Scott Raychel: BRAAAAAAAUUUUUUUUNNNNNNNN had a year so good he managed to make multiple matches with the Big Show entertaining in the year of our lord two thousand and seventeen.

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2. Asuka
Points: 1833
Number of Ballots: 20
Highest Vote: 1st Place (Willow Maclay, Jonathon Hunt)
Last Year’s Ranking: 5th Place

TH: Asuka’s year can be hard to parse out because of the undefeated streak and all the cacophony surrounding her main roster transition, but honestly, she turned in some fine work. While her performances weren’t necessarily diverse, she excelled in what she was asked to do, which was either squashing n00bs, having showcase joshi-style main events mostly with Ember Moon, or going complete straight garbage brawl with Nikki Cross. That last match was one of the best of the year on any level that I’ve seen, and Asuka deserves a lot of credit for it.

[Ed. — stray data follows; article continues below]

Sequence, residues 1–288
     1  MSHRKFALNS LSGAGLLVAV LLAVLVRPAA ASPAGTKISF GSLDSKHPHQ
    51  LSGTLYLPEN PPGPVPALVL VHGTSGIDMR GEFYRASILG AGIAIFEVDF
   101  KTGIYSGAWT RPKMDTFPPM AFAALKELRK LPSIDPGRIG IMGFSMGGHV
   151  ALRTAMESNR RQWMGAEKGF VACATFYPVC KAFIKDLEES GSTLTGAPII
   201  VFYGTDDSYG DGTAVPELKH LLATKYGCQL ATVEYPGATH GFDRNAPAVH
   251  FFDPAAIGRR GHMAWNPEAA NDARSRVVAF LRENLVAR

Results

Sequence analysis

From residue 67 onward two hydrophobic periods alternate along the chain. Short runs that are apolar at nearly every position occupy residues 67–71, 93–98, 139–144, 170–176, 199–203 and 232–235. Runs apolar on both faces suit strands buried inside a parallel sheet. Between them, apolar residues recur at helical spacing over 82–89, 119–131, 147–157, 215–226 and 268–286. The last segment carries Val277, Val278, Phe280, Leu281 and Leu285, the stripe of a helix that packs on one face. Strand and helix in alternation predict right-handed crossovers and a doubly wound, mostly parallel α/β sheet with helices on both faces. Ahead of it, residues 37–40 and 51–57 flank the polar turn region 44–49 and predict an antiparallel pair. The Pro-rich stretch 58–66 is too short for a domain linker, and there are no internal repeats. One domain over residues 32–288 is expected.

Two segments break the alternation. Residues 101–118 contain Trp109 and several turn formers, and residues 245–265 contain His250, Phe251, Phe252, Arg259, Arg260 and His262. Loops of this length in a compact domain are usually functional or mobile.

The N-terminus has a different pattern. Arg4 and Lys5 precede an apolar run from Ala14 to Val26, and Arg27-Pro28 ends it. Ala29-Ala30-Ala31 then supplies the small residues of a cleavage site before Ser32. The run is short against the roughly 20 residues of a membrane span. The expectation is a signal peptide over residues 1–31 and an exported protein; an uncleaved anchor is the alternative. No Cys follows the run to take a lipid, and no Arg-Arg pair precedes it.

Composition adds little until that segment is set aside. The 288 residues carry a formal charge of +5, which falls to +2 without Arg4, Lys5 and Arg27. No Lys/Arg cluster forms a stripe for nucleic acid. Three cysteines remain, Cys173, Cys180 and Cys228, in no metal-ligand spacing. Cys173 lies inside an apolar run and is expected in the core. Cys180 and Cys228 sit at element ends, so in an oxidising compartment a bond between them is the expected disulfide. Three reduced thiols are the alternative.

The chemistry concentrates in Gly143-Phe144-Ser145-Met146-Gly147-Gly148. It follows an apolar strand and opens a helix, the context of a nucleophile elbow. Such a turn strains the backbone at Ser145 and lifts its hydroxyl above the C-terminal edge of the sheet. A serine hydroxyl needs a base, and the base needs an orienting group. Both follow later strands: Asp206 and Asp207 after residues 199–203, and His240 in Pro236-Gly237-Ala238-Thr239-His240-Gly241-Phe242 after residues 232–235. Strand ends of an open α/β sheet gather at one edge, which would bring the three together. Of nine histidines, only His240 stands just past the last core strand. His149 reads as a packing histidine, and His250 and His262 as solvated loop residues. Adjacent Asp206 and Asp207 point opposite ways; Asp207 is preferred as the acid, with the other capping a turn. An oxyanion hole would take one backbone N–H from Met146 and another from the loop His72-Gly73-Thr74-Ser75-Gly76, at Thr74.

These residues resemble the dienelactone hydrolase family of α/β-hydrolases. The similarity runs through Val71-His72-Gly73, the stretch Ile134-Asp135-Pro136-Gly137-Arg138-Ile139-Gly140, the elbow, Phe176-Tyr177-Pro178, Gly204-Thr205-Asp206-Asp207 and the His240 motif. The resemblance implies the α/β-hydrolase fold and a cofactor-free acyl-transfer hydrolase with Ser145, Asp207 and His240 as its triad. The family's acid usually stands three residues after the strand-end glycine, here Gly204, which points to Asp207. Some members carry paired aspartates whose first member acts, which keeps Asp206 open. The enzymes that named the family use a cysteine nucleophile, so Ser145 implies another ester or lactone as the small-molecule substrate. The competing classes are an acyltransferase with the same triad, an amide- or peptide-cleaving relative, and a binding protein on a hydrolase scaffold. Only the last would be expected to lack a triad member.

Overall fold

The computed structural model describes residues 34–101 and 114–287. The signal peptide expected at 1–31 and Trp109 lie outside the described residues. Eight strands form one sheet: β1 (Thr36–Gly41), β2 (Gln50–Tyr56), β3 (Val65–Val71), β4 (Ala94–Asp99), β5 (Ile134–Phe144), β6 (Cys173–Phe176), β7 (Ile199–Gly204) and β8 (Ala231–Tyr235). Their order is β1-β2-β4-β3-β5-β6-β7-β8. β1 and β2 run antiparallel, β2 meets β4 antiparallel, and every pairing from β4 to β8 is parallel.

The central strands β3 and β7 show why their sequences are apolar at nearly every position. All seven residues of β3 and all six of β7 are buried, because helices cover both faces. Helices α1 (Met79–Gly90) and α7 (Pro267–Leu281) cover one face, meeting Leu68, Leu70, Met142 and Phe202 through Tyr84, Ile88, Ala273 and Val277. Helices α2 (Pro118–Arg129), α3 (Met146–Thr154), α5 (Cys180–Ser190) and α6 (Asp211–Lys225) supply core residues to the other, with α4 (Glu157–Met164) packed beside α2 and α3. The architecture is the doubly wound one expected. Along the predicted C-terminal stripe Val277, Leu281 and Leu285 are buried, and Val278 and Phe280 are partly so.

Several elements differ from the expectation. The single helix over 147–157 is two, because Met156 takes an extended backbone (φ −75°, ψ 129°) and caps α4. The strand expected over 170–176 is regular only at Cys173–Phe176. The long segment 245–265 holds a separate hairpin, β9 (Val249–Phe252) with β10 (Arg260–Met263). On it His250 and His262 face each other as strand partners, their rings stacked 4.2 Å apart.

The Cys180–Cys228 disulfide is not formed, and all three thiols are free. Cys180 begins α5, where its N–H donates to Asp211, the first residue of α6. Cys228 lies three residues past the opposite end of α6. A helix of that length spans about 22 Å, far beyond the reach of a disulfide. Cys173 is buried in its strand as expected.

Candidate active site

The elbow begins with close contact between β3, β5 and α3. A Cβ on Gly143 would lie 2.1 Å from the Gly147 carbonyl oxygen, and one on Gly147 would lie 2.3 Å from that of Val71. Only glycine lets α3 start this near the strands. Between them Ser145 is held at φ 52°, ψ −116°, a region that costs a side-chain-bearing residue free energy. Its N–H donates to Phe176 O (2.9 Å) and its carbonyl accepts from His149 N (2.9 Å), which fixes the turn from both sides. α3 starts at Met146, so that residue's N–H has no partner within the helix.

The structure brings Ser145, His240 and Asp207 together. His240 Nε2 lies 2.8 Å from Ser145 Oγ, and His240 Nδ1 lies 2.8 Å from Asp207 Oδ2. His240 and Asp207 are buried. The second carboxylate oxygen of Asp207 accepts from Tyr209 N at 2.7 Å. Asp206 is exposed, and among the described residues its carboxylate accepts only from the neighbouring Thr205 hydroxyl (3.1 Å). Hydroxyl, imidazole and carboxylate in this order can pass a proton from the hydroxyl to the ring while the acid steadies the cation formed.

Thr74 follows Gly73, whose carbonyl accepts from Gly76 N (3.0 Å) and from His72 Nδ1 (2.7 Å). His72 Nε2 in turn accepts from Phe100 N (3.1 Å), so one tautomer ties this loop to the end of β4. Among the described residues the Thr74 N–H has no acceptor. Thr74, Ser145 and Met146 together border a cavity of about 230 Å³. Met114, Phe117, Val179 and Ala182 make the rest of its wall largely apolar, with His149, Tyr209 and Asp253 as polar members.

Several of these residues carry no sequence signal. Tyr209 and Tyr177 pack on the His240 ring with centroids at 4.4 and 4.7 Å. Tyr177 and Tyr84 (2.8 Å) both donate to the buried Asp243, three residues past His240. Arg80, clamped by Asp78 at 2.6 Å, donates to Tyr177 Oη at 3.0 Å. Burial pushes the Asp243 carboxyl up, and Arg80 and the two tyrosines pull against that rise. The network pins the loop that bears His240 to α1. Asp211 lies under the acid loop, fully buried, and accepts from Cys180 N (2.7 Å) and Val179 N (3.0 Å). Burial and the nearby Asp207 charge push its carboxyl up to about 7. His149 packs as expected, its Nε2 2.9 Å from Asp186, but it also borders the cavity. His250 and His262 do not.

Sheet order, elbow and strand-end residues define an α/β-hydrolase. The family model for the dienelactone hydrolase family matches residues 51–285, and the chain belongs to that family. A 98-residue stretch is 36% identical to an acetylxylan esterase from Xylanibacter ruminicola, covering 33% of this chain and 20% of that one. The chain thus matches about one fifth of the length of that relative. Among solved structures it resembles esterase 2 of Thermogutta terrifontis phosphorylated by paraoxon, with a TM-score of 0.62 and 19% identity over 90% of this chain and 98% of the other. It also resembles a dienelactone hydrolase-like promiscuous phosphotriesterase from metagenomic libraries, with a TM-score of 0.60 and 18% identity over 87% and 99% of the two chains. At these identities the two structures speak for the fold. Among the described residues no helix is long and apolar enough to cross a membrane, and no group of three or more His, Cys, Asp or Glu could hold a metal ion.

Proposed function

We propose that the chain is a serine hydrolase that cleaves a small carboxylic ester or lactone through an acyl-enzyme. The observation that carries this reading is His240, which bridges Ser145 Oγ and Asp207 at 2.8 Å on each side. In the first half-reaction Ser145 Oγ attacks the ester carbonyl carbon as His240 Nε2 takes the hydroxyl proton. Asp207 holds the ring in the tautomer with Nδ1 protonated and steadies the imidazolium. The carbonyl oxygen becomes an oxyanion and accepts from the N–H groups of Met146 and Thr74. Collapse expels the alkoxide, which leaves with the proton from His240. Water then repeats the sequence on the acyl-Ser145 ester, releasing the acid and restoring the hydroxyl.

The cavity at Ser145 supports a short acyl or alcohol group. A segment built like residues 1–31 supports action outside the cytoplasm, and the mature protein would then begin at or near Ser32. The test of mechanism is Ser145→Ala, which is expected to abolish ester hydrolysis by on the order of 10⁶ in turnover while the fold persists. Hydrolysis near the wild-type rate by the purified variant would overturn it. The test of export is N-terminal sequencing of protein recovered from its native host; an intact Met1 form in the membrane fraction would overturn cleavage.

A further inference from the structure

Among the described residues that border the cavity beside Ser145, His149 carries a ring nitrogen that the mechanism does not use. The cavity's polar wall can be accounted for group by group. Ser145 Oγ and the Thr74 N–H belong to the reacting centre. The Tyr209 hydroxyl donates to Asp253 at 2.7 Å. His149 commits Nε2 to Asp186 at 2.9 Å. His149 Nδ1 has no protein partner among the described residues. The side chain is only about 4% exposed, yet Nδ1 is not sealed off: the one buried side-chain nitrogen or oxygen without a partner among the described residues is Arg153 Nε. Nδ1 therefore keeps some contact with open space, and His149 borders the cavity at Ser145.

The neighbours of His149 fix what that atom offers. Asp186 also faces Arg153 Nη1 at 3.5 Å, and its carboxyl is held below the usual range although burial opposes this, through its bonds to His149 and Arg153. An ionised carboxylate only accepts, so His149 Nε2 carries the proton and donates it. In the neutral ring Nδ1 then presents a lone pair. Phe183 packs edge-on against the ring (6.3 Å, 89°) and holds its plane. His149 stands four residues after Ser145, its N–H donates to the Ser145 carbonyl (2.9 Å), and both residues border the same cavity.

Chris Gibbons: Because NXT wrestlers don’t always make a ton of tape throughout the year, they sometimes have a bit of an uphill climb to make my list. That wasn’t a problem for Asuka, who made the most of each and every one of her opportunities. She really does create the feeling in the ring that she’s unbeatable, being able to turn almost anything into a submission hold. That added to her striking ability and her desperation to hold onto the title made her unique presence among WWE women in a year that not a lot of them were given opportunity to stand out.